40 mg / 0.8 ml injection solution
What Hulio is and what it is used for
Hulio contains the active substance adalimumab. Adalimumab is a drug that acts on the body’s immune system (defense).
Hulio is intended for the treatment of the following inflammatory diseases:
- children aged 2–17 years with polyarticular juvenile idiopathic arthritis
- children aged 6–17 years with encephalitis-related arthritis
- children aged 6–17 years with Crohn’s disease
- children aged 4–17 years with plaque psoriasis
- adolescents aged 12–17 years with hidradenitis suppurativa
- children aged 2–17 years with chronic non- infectious uveitis affecting the front of the eye.
The active substance in Hulio, adalimumab, is a monoclonal antibody. Monoclonal antibodies are proteins that attach to a specific target in the body.
The target of adalimumab is another protein called tumor necrosis factor (TNFα), which is found in elevated levels in the inflammatory diseases listed above. By binding to TNFα, Hulio can reduce the inflammatory process in these diseases.
Polyarticular juvenile idiopathic arthritis and enthesitis-related arthritis
Polyarticular juvenile idiopathic arthritis and enthesitis-related arthritis are inflammatory diseases of the joints that often first occur in childhood.
Hulio is used to treat polyarticular juvenile idiopathic arthritis in children and adolescents aged 2–17 years and encephalitis-related arthritis in children and adolescents aged 6–17 years. Your child may first be given other medicines for their illness, such as methotrexate. If these medicines do not help enough, your child will get Hulio to treat polyarticular juvenile idiopathic arthritis or enthesitis-related arthritis.
Children with Crohn’s disease
Crohn’s disease is an inflammatory disease of the intestines.
Hulio is used to treat Crohn’s disease in children aged 6-17 years. Your child will first be given other medicines. If these drugs do not help enough, your child will get Hulio to reduce the signs and symptoms of Crohn’s disease.
Children with plaque psoriasis
Plaque psoriasis is an inflammatory skin disease that causes red, flaky, and dry plaques on the skin covered by silvery scales. Plaque psoriasis can also involve the nails, which can then crumble, become thicker and lift from the nail bed, which can be painful. Psoriasis is believed to be caused by a disorder in the body’s immune system that leads to increased production of skin cells.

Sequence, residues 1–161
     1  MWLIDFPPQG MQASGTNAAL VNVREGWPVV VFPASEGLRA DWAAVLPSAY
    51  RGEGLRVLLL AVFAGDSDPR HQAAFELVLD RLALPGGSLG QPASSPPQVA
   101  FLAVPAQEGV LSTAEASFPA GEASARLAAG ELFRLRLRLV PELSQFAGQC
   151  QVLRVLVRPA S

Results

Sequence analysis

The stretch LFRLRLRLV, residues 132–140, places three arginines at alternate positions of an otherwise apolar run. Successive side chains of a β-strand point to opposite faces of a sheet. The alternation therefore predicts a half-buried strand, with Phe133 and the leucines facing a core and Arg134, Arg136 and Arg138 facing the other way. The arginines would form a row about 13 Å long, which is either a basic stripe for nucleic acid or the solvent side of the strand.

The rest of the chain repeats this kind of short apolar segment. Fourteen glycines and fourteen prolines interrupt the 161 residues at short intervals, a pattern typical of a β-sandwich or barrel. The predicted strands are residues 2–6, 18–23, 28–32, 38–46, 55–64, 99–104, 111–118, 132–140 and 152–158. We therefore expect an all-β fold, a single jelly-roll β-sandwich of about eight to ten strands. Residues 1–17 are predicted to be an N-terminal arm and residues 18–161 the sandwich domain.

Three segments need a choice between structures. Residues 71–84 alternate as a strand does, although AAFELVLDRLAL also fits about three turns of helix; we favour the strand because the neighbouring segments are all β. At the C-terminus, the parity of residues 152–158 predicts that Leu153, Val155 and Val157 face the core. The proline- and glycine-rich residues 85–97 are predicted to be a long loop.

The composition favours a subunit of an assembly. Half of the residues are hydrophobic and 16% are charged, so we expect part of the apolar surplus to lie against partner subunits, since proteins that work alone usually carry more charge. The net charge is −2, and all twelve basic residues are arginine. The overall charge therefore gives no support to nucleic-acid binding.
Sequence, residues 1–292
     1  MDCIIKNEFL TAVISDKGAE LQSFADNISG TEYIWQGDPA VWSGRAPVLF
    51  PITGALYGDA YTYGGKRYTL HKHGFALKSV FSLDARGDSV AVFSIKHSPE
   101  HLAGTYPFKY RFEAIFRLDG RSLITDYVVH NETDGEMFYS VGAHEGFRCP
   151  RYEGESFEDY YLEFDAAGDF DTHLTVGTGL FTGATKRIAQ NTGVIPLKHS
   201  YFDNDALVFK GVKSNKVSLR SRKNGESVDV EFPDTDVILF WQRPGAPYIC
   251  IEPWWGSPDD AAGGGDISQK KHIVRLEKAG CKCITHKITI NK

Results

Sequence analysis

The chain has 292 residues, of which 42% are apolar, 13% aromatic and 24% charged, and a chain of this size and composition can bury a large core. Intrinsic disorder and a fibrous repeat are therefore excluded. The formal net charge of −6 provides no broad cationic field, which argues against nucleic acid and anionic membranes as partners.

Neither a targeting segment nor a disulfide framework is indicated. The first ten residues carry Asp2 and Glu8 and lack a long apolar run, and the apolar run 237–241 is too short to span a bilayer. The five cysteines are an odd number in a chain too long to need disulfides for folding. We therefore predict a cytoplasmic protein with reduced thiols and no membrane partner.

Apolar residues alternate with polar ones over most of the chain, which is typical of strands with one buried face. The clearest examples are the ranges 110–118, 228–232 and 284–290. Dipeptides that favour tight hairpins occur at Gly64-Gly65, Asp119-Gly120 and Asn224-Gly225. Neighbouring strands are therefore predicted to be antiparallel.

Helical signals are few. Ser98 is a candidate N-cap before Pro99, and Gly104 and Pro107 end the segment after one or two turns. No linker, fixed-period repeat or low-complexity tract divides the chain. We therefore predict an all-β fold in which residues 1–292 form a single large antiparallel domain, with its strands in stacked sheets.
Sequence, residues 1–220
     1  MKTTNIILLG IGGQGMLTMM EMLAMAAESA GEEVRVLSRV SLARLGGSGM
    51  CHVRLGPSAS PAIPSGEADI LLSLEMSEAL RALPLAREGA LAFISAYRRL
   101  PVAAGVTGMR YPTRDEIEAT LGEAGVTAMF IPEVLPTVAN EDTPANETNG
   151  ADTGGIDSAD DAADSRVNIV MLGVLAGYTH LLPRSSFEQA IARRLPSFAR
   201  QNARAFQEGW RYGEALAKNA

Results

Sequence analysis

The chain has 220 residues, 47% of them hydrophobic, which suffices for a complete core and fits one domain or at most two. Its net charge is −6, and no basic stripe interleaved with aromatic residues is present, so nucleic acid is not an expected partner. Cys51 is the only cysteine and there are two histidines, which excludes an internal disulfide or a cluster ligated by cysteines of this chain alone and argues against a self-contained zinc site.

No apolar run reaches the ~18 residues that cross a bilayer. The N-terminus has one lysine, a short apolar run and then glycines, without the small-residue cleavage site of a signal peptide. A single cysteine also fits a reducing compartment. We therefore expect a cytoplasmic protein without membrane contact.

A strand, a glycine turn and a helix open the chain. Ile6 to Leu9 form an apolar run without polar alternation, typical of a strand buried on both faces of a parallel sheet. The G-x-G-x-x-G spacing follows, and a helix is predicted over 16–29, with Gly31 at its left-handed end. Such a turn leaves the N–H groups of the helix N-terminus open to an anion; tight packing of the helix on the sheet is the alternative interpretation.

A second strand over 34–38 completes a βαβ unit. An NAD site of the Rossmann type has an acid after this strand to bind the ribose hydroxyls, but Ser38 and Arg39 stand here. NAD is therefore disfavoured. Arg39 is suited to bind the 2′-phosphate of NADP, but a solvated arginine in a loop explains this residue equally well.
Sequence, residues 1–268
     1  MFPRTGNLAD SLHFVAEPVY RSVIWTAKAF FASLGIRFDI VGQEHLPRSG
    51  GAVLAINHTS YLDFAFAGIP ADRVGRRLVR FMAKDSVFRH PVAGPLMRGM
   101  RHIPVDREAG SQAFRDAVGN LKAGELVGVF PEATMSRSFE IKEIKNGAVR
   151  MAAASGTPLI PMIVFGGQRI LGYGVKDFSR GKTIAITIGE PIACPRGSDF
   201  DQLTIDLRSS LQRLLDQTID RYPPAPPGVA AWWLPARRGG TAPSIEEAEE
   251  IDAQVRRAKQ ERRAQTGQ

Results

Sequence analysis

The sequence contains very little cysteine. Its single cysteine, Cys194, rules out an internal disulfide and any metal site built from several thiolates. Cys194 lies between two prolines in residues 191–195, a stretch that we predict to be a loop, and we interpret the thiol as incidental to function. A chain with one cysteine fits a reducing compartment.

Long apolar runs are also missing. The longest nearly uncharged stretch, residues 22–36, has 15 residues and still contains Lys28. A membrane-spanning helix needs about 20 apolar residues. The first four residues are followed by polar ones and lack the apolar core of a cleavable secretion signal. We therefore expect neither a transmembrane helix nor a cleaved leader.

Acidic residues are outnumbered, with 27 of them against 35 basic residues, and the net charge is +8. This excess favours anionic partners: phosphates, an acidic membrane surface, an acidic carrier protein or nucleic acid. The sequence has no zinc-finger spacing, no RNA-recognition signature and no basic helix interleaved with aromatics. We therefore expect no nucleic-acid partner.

Hulio is used to treat severe plaque psoriasis in children and adolescents 4–17 years of age where drugs applied to the skin and light therapy have not worked well enough or are not appropriate
Adolescents with hidradenitis suppurativa
Hidradenitis suppurativa (sometimes called acne inversa) is a chronic and often painful inflammatory skin disease. The symptoms can be sore nodules ( lumps ) and abscesses (boils) that can leak anywhere. The disease usually affects specific areas of the skin, e.g. under the breasts, armpits, inside of the thighs, groin, and buttocks. Scarring can also occur in the affected areas.
Hulio is used to treat hidradenitis suppurativa in adolescents from 12 years of age. Hulio can reduce the number of lumps and boils that the disease causes as well as the pain that is often associated with the disease. Patients may first receive other medicines. If these drugs do not help enough, patients will get Hulio
Chronic non-infectious uveitis affecting the front of the eye
Non- infectious uveitis is an inflammatory disease that affects certain parts of the eye. Inflammation leads to impaired vision and/or the presence of floaters in the eye (black dots or striped lines moving across the field of vision ). Hulio works by reducing this inflammation.
Hulio is used to treat children aged 2–17 years with chronic non-infectious uveitis where inflammation affects the front of the eye.
2. What you need to know before giving Hulio to your child
Do not give Hulio
- If your child is allergic to adalimumab or any of the other ingredients of this medicine (listed in section 6)
- If your child has a severe infection , including tuberculosis (see “Warnings and Precautions”). It is important that you tell your doctor if your child has symptoms of infection , e.g. fever, sores, tiredness, dental problems.
- If your child has moderate or severe heart failure . It is important to tell your doctor if your child has or has had a serious heart condition (see “Warnings and Precautions”).
Warnings and cautions
Talk to your child’s doctor or pharmacist before using Hulio.
If your child has allergic reactions with symptoms such as chest tightness, wheezing, dizziness, swelling, or rash, stop injecting Hulio and contact a doctor immediately as these reactions can be life-threatening in rare cases.
- If your child has an infection , including chronic or local infections (eg leg ulcers), you must consult a doctor before starting Hulio. If you are not sure, talk to a doctor.
- Your child may get infection more easily while he / she is receiving treatment with Hulio. This risk may increase if your child has impaired lung function. These infections can be serious and include tuberculosis , infections caused by viruses , fungi, parasites or bacteria, or other uncommon infectious organisms and sepsis (blood poisoning) which in rare cases can be life threatening. It is important to tell your doctor if your child develops symptoms such as fever, sores, tiredness or toothache. Your doctor may advise you to temporarily stop using Hulio.